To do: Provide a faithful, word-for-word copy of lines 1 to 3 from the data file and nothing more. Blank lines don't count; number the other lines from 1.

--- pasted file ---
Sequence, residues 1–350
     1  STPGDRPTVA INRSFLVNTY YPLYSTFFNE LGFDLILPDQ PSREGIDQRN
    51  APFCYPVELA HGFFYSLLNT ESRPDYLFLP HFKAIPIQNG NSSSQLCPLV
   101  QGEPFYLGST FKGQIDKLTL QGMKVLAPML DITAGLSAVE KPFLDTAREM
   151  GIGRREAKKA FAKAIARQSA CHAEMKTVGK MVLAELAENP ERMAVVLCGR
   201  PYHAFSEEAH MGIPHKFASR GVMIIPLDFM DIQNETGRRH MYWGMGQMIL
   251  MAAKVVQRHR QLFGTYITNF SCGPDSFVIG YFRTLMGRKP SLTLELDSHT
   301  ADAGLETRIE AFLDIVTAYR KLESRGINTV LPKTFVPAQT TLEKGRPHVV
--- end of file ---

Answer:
Sequence, residues 1–350
     1  STPGDRPTVA INRSFLVNTY YPLYSTFFNE LGFDLILPDQ PSREGIDQRN
    51  APFCYPVELA HGFFYSLLNT ESRPDYLFLP HFKAIPIQNG NSSSQLCPLV